- David Ching, ESPN Staff Writer
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BATON ROUGE, La. -- LSU returns to the practice field after a 12-day hiatus for spring break.
The Tigers will practice twice this week -- today and Thursday -- before concluding spring practice with Saturday's spring game. As LSU enters this final week of spring practice, here is some of what we've learned so far:
Quarterback competition ongoing: LSU coach Les Miles maintains that Anthony Jennings and Brandon Harris are making progress in their competition to become the Tigers' starting quarterback. Miles is not tipping his hand as to who truly leads the race, though -- possibly because there's nothing to tip yet.
The most Miles has offered came after one spring scrimmage, when he said that Jennings had been a bit more consistent to that point. He added that Harris had his days, too, where he was the better performer.
The two players will be easily the most heavily scrutinized performers in the spring game, just as they were a year ago when Harris easily outplayed Jennings. Jennings held the starting job for nearly the entire 2014 season, however, and said two weeks ago that his confidence continues to grow. He knows he must improve upon his 48.9-percent completion rate from last season, admitting, "I have to play better."
Fournette most improved?: LSU offensive coordinator Cam Cameron told ESPN.com's Adam Rittenberg two weeks ago that sophomore running back Leonard Fournette was the Tigers' most improved offensive player. He repeated that claim
last week on local radio.
If that's the case, look out. Fournette set LSU's freshman rushing record last season and put together one of the school's most impressive bowl performances in history with 264 total yards against Notre Dame. Fournette says he has learned a lot more about the Tigers' offensive scheme and how he fits into it -- beyond just being a runner.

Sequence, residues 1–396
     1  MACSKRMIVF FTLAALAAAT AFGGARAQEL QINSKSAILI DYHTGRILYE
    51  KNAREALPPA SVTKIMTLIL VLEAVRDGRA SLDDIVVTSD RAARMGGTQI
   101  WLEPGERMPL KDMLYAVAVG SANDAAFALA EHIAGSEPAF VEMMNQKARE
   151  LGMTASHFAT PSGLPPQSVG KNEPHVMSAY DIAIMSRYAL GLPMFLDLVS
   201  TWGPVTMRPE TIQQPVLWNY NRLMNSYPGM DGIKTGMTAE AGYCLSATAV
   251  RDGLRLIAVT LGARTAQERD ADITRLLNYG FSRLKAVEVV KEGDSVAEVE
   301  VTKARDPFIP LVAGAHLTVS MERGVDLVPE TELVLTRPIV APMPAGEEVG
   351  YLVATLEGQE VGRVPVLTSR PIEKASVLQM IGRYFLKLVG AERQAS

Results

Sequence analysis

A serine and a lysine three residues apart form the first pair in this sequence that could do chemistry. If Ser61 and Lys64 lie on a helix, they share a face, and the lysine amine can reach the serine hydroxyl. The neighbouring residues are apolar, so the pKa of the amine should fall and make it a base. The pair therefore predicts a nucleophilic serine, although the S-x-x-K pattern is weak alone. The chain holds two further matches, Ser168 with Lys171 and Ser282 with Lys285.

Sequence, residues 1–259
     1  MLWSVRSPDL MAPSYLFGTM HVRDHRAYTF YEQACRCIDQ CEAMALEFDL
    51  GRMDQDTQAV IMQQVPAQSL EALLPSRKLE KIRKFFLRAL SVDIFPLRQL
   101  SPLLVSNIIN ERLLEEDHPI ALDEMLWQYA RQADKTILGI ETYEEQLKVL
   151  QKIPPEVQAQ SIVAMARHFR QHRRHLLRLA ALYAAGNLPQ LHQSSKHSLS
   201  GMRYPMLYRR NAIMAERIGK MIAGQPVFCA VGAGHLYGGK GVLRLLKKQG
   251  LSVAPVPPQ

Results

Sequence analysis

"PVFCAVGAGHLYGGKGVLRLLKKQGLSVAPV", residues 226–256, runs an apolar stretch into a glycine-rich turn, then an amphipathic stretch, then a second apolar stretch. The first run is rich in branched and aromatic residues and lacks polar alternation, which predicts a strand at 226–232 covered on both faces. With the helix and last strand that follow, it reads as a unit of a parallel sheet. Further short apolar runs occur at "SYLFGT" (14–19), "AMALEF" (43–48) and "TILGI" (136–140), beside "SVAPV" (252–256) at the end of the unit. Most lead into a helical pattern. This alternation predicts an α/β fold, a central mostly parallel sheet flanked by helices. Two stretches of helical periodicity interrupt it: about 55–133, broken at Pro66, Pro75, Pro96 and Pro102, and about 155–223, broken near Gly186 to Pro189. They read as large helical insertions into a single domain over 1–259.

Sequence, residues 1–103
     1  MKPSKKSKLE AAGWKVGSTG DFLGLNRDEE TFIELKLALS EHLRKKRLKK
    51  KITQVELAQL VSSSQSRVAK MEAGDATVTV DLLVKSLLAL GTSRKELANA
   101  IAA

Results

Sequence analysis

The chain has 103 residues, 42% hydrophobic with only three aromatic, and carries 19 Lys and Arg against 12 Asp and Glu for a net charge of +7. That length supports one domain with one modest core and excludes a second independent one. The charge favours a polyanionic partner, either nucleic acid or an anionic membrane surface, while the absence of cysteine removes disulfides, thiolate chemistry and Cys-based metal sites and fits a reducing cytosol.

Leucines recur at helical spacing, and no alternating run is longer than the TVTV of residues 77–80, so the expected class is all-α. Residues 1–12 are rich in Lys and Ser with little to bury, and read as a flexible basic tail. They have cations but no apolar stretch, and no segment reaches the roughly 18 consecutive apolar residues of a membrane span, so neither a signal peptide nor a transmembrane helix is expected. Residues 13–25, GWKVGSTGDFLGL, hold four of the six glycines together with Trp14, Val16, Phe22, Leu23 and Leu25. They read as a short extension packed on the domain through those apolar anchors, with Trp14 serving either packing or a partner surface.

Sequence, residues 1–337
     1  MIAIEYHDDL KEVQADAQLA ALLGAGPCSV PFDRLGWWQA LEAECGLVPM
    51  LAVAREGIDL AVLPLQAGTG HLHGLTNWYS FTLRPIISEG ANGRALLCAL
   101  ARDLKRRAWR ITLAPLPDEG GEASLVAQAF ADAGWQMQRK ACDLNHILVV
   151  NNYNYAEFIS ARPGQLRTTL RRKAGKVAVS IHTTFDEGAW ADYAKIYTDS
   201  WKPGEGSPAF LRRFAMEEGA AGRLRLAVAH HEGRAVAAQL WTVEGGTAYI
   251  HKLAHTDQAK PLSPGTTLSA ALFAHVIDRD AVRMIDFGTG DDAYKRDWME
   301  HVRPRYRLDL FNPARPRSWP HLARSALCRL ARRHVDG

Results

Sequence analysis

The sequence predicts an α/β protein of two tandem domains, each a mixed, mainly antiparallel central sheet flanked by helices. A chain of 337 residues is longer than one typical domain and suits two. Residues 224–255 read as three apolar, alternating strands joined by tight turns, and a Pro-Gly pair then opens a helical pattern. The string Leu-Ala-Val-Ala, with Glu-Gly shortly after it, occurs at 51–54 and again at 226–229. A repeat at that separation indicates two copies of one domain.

But most improved? That would be impressive. He was already pretty good to begin with.
Pass rush an emphasis: After LSU's defense recorded just 19 sacks a season ago, new defensive coordinator Kevin Steele and line coach Ed Orgeron clearly expect to increase that total this fall.
Previous coordinator John Chavis' scheme didn't necessarily depend on sacks so much as creating consistent pressure and maintaining sound rush lanes. Regardless of whether we see it in the spring game, don't be surprised to see LSU add some creativity -- stunts, twists, blitzes, etc. -- to the pass rush in order to take down opposing quarterbacks more frequently.
It will be interesting to see which Tigers play leading roles in that effort, though. With 2014 starters Jermauria Rasco and Danielle Hunter both gone, the competition at defensive end is wide open. Among the leading contenders to fill those roles are junior Lewis Neal and sophomore Maquedius Bain.
O-line in good hands: Veterans Jerald Hawkins, Vadal Alexander and Ethan Pocic are locked into starting spots on LSU's offensive line. Whoever takes over the other two starting spots will be first-time starters -- and it remains to be seen who offensive line coach Jeff Grimes will insert into the starting roles -- but Alexander said recently that he was pleased with the contenders' performances this spring.
“I think everybody will be pleasantly surprised by all the young interior linemen like Garrett Brumfield, Josh Boutte, William Clapp, Andy Dodd, K.J. Malone,” Alexander said. “Whoever's in the starting five's going to be real crisp.”
Redshirt freshmen Brumfield and Clapp opened the spring as the first-team starters at guard, but Grimes has worked with a number of combinations this spring. It looks like he'll have several strong candidates for the two starting vacancies -- and his options will only grow when an all-star class of offensive line signees arrives in time for preseason practice.
He didn't catch a single pass last season, but Miles has credited him with at least one touchdown catch in each of the Tigers' spring scrimmages so far. And multiple teammates named him as a leading breakout candidate for this fall.
The Tigers look to be stocked at receiver, with their top four players at the position (Travin Dural, Malachi Dupre, John Diarse and Trey Quinn) all returning. But if Chark has the potential to add another speedy deep threat to the mix, which might help LSU's passing game become more productive following an underwhelming 2014.